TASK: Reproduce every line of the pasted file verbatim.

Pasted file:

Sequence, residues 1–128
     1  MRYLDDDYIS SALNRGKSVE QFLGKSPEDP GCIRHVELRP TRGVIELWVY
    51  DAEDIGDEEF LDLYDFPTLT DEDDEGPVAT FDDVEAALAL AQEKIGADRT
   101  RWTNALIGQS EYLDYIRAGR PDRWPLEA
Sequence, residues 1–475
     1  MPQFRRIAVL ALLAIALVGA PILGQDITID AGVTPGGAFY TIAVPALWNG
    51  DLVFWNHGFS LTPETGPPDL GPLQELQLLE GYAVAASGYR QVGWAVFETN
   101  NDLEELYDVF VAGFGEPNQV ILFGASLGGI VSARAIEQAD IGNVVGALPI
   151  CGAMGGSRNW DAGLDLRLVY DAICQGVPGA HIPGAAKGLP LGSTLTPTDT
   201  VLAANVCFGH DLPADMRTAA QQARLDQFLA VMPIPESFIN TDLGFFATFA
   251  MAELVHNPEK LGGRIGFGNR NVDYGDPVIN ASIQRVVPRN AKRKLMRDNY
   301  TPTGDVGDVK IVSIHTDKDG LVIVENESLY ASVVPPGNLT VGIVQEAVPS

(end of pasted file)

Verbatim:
Sequence, residues 1–128
     1  MRYLDDDYIS SALNRGKSVE QFLGKSPEDP GCIRHVELRP TRGVIELWVY
    51  DAEDIGDEEF LDLYDFPTLT DEDDEGPVAT FDDVEAALAL AQEKIGADRT
   101  RWTNALIGQS EYLDYIRAGR PDRWPLEA
Sequence, residues 1–475
     1  MPQFRRIAVL ALLAIALVGA PILGQDITID AGVTPGGAFY TIAVPALWNG
    51  DLVFWNHGFS LTPETGPPDL GPLQELQLLE GYAVAASGYR QVGWAVFETN
   101  NDLEELYDVF VAGFGEPNQV ILFGASLGGI VSARAIEQAD IGNVVGALPI
   151  CGAMGGSRNW DAGLDLRLVY DAICQGVPGA HIPGAAKGLP LGSTLTPTDT
   201  VLAANVCFGH DLPADMRTAA QQARLDQFLA VMPIPESFIN TDLGFFATFA
   251  MAELVHNPEK LGGRIGFGNR NVDYGDPVIN ASIQRVVPRN AKRKLMRDNY
   301  TPTGDVGDVK IVSIHTDKDG LVIVENESLY ASVVPPGNLT VGIVQEAVPS